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CHARLES E. SIMMONS, Secretary of Corrections; LOUIS E. BRUCE, Warden, Hutchinson Correctional Facility; BRUCE BROWER, CCII, Hutchinson Correctional Facility; PRISON HEALTH SERVICES; LOUICIA OSBORNE; MARVIN METTSCHER, RN, Health Care Provider; BILL DAVIS, Master Sergeant, Hutchinson Correctional Facility; (FNU) KEEN, Master Sergeant, Hutchinson Correctional Facility; (FNU) LAWSON, Corporal, Hutchinson Correctional Facility,


No. 03-3310

(D.C. No. 00-CV-3277-MLB)

(D. Kan.)


Before HARTZ, McKAY, and PORFILIO, Circuit Judges.

After examining the briefs and appellate record, this panel has determined unanimously that oral argument would not materially assist the determination of this appeal. See Fed. R. App. P. 34(a)(2); 10th Cir. R. 34.1(G). The case is therefore ordered submitted without oral argument.

Plaintiff Marvin B. Davis, a pro se inmate, appeals from the district court's order granting summary judgment in favor of the defendants on his civil rights complaint, and denying his motion for summary judgment. Davis's complaint, brought pursuant to 42 U.S.C. § 1983, charges violations of his First, Fourth, and Eighth Amendment rights arising out of his exposure to second-hand smoke at the Hutchinson Correctional Facility in Hutchinson, Kansas. We affirm.

There are two sets of defendants in this case: those affiliated with the Kansas Department of Corrections or the Hutchinson Correctional Facility ("DOC defendants"), and those affiliated with Prison Health Services ("PHS defendants"). The district court granted summary judgment on Eleventh Amendment grounds to the DOC defendants on those claims brought against them in their official capacities, and qualified immunity on those claims brought against them in their individual capacities. While denying immunity to the PHS defendants, the district court concluded that Davis failed to show that PHS or its employees had been responsible for his alleged injuries.

We review grants of summary judgment de novo to determine whether any genuine issue of material fact exists, viewing all evidence and any reasonable inferences that might be drawn therefrom in the light most favorable to the non-moving party. However, the nonmovant must establish, at a minimum, an inference of the existence of each element essential to the case.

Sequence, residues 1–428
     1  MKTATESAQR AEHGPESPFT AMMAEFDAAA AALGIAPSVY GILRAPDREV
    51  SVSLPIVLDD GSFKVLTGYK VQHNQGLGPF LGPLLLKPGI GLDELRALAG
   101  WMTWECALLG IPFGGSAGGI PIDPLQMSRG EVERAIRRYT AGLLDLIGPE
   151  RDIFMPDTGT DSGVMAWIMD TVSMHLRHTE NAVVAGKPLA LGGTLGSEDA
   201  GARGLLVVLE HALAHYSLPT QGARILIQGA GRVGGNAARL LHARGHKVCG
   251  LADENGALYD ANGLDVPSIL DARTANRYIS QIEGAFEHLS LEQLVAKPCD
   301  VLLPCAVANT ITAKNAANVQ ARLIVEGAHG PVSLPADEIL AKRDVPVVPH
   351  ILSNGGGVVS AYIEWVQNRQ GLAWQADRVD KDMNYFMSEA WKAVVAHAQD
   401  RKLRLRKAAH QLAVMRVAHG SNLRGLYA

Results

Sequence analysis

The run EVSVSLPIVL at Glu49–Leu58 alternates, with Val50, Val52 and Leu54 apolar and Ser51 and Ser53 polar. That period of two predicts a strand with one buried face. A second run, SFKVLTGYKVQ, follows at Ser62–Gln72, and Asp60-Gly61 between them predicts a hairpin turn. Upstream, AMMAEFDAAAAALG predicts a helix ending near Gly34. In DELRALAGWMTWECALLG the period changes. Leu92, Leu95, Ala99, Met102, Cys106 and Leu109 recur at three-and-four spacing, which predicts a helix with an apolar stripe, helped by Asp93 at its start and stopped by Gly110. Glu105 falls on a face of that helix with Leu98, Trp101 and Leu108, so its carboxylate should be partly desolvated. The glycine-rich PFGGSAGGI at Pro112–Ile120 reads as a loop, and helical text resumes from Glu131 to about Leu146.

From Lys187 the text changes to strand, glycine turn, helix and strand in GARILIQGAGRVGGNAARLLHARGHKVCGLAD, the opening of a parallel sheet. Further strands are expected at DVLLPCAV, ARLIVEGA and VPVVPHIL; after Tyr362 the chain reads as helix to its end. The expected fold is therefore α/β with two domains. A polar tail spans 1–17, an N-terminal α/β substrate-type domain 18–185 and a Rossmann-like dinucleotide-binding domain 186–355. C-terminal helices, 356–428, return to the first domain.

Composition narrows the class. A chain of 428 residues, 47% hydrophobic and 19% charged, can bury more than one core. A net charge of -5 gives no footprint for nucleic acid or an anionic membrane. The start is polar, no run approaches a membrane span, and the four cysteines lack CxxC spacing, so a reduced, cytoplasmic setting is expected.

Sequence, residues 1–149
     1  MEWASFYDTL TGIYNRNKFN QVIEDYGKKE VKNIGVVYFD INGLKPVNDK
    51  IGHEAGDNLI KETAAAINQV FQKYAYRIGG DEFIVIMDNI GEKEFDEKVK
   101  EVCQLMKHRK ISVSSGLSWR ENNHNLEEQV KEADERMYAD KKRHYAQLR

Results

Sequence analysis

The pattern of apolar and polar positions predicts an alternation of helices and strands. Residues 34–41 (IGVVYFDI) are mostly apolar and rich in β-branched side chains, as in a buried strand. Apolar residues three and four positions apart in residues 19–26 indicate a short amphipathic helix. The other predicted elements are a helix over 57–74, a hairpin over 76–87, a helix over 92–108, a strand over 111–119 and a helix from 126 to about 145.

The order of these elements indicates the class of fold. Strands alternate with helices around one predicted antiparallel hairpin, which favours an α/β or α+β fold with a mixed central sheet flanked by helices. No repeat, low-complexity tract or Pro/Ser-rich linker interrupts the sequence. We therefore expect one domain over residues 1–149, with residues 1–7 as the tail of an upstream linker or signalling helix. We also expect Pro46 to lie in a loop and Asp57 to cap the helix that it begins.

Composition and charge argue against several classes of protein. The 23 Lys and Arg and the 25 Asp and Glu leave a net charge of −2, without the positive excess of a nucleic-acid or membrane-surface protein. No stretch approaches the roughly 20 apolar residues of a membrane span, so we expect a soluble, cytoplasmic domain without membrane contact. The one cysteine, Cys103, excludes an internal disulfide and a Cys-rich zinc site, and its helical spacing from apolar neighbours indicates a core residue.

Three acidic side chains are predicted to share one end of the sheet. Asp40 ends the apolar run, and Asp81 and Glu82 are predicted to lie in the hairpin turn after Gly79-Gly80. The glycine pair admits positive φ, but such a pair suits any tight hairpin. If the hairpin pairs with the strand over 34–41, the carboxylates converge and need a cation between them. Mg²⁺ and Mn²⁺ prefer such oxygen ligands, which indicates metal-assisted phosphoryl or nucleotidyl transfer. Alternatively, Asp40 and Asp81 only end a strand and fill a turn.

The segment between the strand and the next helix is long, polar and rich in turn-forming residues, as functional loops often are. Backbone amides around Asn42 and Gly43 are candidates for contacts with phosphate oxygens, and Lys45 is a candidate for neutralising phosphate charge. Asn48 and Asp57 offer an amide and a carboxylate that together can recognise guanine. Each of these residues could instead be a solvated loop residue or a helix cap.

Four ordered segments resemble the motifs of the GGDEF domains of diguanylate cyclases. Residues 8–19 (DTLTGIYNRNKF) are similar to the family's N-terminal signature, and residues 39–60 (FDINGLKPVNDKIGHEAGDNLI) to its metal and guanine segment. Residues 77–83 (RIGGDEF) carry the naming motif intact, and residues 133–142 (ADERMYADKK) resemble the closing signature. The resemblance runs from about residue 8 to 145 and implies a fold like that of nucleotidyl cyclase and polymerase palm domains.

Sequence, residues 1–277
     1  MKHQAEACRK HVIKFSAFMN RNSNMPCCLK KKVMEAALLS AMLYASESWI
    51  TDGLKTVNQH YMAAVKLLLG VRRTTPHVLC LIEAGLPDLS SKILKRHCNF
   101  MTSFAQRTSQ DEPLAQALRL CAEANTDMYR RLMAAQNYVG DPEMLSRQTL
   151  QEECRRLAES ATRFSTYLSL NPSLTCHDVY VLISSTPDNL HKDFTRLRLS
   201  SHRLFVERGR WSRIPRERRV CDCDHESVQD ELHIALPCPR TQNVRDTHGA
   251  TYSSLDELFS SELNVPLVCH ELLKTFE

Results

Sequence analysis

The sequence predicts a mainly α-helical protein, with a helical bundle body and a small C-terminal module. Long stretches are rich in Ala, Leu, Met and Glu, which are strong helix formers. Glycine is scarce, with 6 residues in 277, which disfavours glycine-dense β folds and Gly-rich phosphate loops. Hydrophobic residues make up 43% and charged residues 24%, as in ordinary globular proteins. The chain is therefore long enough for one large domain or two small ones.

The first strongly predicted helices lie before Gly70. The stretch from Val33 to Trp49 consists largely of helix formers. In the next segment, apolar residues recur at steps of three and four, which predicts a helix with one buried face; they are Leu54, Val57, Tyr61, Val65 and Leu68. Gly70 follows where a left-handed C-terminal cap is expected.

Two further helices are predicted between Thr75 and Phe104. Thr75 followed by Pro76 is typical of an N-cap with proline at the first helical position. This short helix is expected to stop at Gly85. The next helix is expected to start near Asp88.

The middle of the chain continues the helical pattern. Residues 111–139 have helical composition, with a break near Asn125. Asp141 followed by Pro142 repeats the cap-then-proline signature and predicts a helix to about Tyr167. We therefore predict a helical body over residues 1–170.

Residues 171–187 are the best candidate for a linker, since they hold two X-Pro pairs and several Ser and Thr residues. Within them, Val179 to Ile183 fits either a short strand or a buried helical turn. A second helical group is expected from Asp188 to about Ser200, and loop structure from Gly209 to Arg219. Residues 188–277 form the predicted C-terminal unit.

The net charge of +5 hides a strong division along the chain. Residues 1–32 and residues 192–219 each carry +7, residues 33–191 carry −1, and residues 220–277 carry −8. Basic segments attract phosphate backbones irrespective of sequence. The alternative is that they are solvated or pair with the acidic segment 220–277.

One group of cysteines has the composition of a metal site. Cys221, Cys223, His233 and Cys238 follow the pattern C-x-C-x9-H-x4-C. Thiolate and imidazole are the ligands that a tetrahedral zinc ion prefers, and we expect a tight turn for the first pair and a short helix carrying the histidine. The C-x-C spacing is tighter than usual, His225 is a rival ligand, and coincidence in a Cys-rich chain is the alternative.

Croy v. COBE Laboratories, Inc., 345 F.3d 1199, 1201 (10th Cir. 2003) (citations and quotation omitted).

On appeal, Davis argues that the district court: (1) erred in relying on the Martinez report in his case, which did not meet the requirements of Fed. R. Civ. P. 56(e), and by converting a motion to dismiss to one for summary judgment; (2) improperly granted the DOC defendants Eleventh Amendment immunity on his claims for injunctive and prospective relief; (3) improperly resolved disputed issues of fact against him based on the contents of the Martinez report; (4) turned a "blind eye to fraud on the court," Aplt. Br. at 2; (5) failed to give independent consideration to his cross-motion for summary judgment; (6) denied his cross-motion for summary judgment without requiring a response from the defendants; (7) failed to make findings of fact and conclusions of law; (8) violated his right to due process when it ordered the clerk of court not to file his Rule 56(f) affidavit and his motions filed therewith, and by not ruling on them prior to its ruling on summary judgment; (9) improperly issued a protective order in favor of defendants, protecting them from discovery; (10) acted with bias and prejudice against Davis; and (11) violated Davis's right to due process by barring him from filing opposing pleadings while granting the defendants' motions as uncontested.

Having reviewed the record, the briefs, and the applicable law, applying the summary judgment standard outlined above, together with any other applicable standard of review, we discern no reversible error in this case on the issues presented. The judgment of the district court is therefore AFFIRMED. All pending motions are denied.

Entered for the Court

Monroe G. McKay

Circuit Judge

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*. This order and judgment is not binding precedent, except under the doctrines of law of the case, res judicata, and collateral estoppel. The court generally disfavors the citation of orders and judgments; nevertheless, an order and judgment may be cited under the terms and conditions of 10th Cir. R. 36.3.

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